By Summer Boggs, Student Supporter of Young Invincibles' Campaign for For-Profit College Accountability
I feel trapped. I feel hopeless. And I feel angry that I was so misled.
I have $170,000 in student loan debt from what’s known as a for-profit college. Schools like mine bill themselves as “career” colleges. But after borrowing mind-numbing sums to attend Florida Coastal School of Law, I’m drowning in debt, and working at a non-profit making $30,000 a year. Not a lawyer’s salary, barely enough to make ends meet, and nothing extra to keep up with my massive monthly payments.
I bet on the American Dream: invest in your own education and work hard, and you can rise. Now’s it’s a nightmare--one that’s drained my will to live a few times in ways I’d rather not even describe.
My school did a heck of a sales pitch, with great-looking promotional materials, and really persistent recruiters who called around-the-clock. I was led to believe that I’d land a high-demand career in the legal field, earning a six-figure salary in just a few years.
At first, I was relieved that the school wouldn’t let me to have a job as a student. Focusing on my studies would be a lot easier, I thought. But that meant I had to keep piling on the financial aid -- not just for tuition, but for books and basic living expenses.
It turns out that nearly half of all borrowers who defaulted on their debt attended a for-profit college. That’s a devastating rate, particularly when you consider that one in ten higher education students attend a for-profit school.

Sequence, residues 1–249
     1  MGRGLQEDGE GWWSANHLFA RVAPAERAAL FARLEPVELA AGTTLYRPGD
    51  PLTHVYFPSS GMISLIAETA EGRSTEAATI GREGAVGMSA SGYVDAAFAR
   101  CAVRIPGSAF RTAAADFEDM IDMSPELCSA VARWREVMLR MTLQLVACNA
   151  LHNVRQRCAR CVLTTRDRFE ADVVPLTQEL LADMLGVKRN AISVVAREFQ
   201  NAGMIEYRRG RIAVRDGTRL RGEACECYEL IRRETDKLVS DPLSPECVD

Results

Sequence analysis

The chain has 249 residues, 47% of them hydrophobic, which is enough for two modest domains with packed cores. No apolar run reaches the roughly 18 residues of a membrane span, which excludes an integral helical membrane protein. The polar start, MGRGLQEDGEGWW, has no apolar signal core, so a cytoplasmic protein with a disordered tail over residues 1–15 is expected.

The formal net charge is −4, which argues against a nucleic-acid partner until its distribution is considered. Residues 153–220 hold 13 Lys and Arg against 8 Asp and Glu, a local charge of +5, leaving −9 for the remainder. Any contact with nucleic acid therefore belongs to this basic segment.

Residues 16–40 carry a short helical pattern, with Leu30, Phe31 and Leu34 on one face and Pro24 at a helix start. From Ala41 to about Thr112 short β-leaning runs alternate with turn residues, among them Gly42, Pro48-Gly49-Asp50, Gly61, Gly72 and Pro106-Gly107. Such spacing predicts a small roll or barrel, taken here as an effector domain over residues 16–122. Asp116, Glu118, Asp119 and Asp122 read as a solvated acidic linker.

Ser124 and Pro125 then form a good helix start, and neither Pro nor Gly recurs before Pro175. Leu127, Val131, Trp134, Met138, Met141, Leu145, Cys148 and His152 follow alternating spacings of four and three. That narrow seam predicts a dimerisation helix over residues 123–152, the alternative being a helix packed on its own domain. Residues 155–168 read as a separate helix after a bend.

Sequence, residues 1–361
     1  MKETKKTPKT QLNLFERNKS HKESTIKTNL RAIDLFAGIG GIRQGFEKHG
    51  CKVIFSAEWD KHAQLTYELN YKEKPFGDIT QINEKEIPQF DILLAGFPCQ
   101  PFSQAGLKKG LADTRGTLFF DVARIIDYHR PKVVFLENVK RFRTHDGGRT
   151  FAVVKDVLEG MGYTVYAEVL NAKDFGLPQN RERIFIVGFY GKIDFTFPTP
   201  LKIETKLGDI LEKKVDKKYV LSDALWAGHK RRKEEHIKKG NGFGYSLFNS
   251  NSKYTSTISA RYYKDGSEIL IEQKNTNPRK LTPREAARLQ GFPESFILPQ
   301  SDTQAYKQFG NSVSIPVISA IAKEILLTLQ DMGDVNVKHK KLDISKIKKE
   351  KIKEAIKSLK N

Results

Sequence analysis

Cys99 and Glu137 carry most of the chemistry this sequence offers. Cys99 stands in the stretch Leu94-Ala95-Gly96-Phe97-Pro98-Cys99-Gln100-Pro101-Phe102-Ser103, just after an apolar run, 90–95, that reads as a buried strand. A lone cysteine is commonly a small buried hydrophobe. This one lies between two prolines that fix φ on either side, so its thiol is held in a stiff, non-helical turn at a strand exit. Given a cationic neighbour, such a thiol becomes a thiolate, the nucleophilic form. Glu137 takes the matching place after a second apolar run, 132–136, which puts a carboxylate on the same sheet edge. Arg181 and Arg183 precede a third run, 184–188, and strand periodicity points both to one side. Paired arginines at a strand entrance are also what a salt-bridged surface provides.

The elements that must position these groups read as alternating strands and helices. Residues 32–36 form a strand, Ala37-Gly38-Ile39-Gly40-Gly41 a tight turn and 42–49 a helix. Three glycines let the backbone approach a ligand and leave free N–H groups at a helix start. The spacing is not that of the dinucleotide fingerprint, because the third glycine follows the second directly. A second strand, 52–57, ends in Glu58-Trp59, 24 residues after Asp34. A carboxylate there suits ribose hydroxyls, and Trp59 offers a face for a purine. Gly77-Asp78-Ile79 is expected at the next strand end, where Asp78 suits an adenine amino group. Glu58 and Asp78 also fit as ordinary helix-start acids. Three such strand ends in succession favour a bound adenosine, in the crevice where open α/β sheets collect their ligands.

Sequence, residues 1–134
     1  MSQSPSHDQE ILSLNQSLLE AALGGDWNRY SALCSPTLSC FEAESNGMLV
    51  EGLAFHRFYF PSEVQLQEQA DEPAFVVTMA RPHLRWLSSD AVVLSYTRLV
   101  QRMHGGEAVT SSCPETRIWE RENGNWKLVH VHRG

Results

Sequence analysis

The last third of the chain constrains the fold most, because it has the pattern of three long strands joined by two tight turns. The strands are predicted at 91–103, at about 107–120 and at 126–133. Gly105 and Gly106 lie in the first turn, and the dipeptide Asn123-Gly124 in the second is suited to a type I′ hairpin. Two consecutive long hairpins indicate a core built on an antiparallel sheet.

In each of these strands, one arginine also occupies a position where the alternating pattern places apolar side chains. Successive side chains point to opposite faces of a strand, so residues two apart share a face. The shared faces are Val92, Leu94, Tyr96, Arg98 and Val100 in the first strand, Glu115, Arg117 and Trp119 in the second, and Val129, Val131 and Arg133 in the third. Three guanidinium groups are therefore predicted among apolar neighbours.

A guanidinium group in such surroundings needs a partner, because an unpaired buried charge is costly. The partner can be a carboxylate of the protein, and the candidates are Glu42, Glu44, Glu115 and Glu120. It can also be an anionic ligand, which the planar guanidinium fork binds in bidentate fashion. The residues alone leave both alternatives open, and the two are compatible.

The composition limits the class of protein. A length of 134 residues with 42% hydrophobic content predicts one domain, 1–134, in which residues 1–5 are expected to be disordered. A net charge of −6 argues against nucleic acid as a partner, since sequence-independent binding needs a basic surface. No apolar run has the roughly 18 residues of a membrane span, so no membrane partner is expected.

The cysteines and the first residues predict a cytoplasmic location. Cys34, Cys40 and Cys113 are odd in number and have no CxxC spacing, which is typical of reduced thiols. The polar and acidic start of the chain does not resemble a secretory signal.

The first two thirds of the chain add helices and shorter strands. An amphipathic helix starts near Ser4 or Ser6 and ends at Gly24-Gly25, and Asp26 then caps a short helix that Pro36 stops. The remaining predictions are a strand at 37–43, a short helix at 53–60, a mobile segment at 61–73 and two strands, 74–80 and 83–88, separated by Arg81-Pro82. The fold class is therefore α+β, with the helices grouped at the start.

Florida Coastal grades on a bell curve quota. No matter how much we demonstrated knowledge, a specific number of us had to earn Cs, Ds, and Fs. That cycle of failure, deserved or not, meant we had to retake classes. More classes required more loans.
I stopped rolling the dice about 30 credits shy of a degree, because $150,000 in debt was the stomach-churning outer limit of what I was willing to gamble.
I apparently didn’t know enough after my six semesters of law school to get a job that would enable me to pay back my student loans. But I do now know this: for-profit schools’ primary source of income is typically federal student financial aid.
I have to squint my eyes a little to make it out. But I’m sure of it now. It’s an asterisk on my school’s Web site, where, really, a number should be.
The number would represent the percentage of my fellow alumni from Florida Coastal School of Law who got jobs after graduating. But on the Web site, the answer to the question “what are my chances of getting a job when I graduate?” is just an asterisk that refers to tiny fine print: “This institution is not currently required to calculate a job placement rate for program completers.”
If your degree or training is so sub-par that you can’t even get hired into the field you studied, well, odds are you won’t be able to pay that loan back.
Someone should fix this. Right now, the U.S. Department of Education is inviting public comment as it revises rules for for-profit schools and certain other career programs. Until May 27th, people like me can tell our stories and maybe convince the Obama administration to require the asterisks on the Web site get filled in with much more impressive outcomes.
But we’re not the only ones able to comment. Some of the fattest cat lobbyists in Washington work for the for-profit college industry, and their campaign contributions, ad campaigns, and artfully spun testimony are what we’re up against. Right now, the lobbyists are encouraging comments from people who apparently believe we’re picking on for-profit colleges. Poor things.
I’m not a lawyer. But I do know how to make a case. I’m working with a group called Young Invincibles that is helping me share my story far and wide. They represent young adults in the public debate. And to make sure Washington hears us on the rules for so-called “gainful employment” — since that’s what you should be able to get after hundreds of thousands of dollars of student debt – I urge you to share your concern, too. Like me, you can add your comment here – http://www.regulations.gov/-- by May 27.
Let’s help the Administration hear our voices above those of the corporate colleges — and understand that a good deal for us is a good deal for American taxpayers.